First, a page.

Matthew Henry

Matthew Henry

Matthew Henry (18 October 1662 – 22 June 1714) was a Nonconformist minister and author, born in Wales but spending much of his life in England. Matthew Henry's well-known six-volume Exposition of the Old and New Testaments (1708–10) or Complete Commentary, provides an exhaustive verse by verse study of the Bible.

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Extraordinary afflictions are not always the punishment of extraordinary sins, but sometimes the trial of extraordinary graces.

He whose head is in heaven need not fear to put his feet into the grave.

After a storm comes a calm.

He rolls it under his tongue as a sweet morsel.

Better late than never.

Those that go gold into the furnace will come out no worse.

They that die by famine die by inches.

Men of polite learning and a liberal education.

The way to preserve the peace of the church is to preserve its purity.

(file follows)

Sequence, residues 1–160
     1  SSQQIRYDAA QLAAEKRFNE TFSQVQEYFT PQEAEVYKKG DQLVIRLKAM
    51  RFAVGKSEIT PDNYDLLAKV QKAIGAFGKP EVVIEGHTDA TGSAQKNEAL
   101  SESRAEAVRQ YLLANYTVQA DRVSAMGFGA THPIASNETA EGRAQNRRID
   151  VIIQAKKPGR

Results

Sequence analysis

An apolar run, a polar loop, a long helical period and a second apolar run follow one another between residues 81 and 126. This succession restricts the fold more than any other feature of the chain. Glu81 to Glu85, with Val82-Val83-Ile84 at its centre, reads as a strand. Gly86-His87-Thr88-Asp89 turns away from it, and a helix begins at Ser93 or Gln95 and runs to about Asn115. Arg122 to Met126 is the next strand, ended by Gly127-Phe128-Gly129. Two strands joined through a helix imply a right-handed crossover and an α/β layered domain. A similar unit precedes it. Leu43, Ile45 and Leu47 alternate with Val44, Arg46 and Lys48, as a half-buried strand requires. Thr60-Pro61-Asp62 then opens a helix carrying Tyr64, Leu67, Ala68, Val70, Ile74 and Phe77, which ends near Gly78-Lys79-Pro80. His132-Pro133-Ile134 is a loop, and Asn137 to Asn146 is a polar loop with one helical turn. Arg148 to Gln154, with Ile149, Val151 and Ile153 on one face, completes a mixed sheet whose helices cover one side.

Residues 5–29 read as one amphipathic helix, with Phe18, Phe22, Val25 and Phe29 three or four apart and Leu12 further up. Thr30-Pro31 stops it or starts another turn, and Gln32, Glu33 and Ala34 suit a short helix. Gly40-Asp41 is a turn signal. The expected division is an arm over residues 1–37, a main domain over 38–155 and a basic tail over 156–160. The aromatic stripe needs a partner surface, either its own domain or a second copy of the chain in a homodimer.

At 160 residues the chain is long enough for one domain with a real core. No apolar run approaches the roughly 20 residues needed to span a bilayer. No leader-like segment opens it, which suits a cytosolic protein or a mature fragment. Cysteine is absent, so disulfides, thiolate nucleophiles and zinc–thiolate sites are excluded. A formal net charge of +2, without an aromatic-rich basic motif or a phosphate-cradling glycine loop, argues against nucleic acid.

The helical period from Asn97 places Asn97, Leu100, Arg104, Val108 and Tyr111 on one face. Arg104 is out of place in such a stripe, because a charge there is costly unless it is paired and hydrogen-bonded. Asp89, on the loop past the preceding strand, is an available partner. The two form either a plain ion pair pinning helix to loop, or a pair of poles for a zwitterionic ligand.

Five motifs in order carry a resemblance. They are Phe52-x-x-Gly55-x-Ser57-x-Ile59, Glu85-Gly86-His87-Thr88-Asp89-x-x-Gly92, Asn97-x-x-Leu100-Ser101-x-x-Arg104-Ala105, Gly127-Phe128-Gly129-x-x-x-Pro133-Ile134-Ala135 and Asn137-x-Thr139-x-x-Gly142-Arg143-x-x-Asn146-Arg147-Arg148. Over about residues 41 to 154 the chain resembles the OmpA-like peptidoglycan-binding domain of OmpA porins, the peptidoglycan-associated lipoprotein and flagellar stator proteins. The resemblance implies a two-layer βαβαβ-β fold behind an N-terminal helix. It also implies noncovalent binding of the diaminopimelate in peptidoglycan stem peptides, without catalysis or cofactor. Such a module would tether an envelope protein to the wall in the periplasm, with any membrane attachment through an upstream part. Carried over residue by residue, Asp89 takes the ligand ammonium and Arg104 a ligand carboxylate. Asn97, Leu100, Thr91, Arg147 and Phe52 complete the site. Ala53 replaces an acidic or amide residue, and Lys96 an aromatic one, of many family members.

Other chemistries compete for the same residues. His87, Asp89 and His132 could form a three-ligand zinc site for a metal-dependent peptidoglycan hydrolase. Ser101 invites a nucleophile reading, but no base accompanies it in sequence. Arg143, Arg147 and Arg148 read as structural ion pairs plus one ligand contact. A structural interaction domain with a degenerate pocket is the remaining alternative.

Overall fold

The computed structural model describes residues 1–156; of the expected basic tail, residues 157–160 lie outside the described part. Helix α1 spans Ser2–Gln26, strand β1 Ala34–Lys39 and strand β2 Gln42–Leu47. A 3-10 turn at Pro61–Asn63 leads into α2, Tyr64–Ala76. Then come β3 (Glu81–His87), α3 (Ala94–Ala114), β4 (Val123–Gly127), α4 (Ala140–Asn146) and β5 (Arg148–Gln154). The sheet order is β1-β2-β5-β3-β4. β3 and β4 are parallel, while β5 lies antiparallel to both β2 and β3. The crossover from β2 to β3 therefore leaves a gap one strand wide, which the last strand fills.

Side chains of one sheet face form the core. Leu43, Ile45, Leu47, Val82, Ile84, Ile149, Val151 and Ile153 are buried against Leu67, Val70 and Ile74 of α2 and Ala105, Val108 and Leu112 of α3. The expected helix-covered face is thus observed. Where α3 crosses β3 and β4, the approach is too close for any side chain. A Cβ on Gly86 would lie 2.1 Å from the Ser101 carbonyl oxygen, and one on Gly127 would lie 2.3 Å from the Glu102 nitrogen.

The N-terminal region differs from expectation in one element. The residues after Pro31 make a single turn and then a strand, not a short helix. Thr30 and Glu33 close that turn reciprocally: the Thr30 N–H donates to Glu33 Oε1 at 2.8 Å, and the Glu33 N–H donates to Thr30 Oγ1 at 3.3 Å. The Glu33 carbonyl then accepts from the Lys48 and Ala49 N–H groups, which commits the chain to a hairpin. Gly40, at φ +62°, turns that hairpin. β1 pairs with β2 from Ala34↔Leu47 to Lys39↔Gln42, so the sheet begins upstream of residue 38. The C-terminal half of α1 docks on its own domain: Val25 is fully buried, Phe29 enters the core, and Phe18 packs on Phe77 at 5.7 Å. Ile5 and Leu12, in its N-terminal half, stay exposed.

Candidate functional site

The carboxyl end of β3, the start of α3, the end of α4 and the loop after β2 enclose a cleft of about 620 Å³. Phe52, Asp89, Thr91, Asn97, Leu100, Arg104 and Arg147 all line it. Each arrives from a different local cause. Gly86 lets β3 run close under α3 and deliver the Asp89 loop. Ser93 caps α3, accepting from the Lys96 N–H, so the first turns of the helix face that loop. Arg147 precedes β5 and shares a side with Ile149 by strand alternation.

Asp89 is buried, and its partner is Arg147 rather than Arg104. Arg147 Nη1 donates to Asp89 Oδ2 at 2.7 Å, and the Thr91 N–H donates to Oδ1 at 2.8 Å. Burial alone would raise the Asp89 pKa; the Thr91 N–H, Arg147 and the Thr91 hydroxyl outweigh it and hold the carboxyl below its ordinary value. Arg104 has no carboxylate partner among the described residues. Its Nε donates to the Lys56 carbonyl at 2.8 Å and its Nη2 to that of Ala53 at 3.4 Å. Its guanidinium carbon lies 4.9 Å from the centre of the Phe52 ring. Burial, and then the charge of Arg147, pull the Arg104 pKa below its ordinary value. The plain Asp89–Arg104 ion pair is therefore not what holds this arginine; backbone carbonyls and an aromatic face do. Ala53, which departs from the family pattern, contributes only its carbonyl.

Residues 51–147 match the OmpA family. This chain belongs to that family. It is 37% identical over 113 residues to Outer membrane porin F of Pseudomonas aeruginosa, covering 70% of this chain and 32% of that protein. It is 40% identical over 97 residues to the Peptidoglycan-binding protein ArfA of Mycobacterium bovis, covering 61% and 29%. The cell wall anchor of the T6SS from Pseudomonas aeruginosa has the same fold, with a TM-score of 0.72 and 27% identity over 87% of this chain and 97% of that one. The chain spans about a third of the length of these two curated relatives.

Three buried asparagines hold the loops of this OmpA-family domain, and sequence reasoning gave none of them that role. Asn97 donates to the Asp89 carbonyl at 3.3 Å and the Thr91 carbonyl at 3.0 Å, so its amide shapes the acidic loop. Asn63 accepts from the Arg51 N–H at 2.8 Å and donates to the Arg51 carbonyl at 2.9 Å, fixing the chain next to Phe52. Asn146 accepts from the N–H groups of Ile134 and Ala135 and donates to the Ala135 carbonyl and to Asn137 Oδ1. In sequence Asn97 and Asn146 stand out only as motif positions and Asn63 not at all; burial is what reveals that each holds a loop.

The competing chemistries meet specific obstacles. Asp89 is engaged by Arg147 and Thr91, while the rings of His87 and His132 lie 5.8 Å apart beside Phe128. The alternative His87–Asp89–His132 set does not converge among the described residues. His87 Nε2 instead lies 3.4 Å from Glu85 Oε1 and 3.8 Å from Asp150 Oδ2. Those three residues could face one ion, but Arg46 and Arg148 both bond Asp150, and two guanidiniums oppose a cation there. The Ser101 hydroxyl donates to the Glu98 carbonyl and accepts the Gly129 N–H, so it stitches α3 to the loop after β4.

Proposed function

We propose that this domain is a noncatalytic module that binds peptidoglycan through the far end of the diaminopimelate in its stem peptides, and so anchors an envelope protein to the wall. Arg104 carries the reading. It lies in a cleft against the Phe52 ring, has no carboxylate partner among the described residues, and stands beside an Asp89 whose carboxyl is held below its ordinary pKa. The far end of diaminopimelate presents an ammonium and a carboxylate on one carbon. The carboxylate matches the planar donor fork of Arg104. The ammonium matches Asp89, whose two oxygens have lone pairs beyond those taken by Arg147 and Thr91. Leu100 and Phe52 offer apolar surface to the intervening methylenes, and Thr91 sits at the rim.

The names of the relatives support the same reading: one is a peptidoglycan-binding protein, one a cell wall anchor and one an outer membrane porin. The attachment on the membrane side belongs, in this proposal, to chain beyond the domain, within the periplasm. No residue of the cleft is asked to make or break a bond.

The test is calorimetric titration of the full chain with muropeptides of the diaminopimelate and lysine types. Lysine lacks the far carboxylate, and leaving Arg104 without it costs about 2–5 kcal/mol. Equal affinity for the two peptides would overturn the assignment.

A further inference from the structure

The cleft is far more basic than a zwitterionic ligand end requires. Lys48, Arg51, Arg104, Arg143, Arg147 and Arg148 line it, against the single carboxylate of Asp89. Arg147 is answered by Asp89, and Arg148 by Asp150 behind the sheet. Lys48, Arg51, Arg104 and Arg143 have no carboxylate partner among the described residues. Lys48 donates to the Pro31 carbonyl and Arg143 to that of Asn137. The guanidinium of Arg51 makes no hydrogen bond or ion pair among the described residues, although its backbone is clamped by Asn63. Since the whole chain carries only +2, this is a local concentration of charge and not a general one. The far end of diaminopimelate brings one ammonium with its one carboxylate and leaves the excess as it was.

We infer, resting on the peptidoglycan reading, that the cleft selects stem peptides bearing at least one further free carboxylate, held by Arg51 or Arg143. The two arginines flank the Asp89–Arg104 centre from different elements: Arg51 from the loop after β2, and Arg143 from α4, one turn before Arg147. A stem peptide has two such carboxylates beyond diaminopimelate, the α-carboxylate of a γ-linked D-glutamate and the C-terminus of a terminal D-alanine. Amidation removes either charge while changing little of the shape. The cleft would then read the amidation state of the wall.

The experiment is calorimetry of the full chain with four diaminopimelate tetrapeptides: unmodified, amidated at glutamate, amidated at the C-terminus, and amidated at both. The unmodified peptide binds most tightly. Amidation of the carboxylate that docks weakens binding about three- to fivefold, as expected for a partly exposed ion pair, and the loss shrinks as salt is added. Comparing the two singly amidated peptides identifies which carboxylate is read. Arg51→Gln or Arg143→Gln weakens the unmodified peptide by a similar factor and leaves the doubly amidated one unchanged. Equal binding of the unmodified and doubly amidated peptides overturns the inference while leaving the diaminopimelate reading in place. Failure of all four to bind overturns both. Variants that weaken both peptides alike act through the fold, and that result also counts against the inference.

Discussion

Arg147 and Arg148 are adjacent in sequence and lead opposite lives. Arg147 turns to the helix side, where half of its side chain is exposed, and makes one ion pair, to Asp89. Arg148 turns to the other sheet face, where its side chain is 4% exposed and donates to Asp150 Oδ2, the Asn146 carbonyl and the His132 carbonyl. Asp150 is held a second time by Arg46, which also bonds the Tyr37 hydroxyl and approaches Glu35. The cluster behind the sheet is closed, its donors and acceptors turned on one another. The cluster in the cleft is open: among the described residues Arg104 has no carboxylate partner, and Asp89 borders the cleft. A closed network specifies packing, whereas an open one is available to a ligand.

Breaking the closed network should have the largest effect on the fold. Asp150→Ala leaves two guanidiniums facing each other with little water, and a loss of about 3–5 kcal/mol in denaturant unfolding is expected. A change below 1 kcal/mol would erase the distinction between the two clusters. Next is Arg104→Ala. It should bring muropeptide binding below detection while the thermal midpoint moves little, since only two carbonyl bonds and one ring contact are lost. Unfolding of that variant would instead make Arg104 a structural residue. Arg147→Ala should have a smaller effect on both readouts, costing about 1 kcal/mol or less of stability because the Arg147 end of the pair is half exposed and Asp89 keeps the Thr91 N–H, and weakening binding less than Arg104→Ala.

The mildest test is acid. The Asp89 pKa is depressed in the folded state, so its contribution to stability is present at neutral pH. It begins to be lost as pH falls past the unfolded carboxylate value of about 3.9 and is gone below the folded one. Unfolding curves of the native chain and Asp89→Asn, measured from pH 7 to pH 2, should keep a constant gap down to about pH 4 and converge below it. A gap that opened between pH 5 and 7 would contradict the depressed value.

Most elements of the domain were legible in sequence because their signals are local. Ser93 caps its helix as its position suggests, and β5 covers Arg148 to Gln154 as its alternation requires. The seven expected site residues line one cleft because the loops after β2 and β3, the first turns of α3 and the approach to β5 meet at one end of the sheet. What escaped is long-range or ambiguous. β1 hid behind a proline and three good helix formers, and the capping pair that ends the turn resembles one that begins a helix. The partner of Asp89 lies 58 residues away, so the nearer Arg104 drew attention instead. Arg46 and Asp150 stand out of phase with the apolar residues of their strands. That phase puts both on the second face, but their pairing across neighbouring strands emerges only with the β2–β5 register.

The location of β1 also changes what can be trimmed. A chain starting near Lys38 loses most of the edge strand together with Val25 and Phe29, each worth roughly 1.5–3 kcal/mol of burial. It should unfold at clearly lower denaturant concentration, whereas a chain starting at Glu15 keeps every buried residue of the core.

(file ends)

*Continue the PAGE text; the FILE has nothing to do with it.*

Whatever we have of this world in our hands our care must be to keep it out of our hearts lest it come between us and Christ.

So great was the extremity of his pain and anguish that he did not only sigh but roar.

They have most satisfaction in themselves and consequently the sweetest relish of their creature comforts.

Here is bread which strengthens man's heart and therefore is called the staff of Life.

Shallows where a lamb could wade and depths where an elephant would drown.

It is not fit the public trusts should be lodged in the hands of any till they are first proved and found fit for the business they are to be entrusted with.

It is good news worthy of all acceptation, and yet not too good to be true.

Sanctified afflictions are spiritual promotions.

Goodness makes greatness truly valuable and greatness make goodness much more serviceable.

It is common for those that are farthest from God to boast themselves most of their being near to the Church.

The better day the worse deed.

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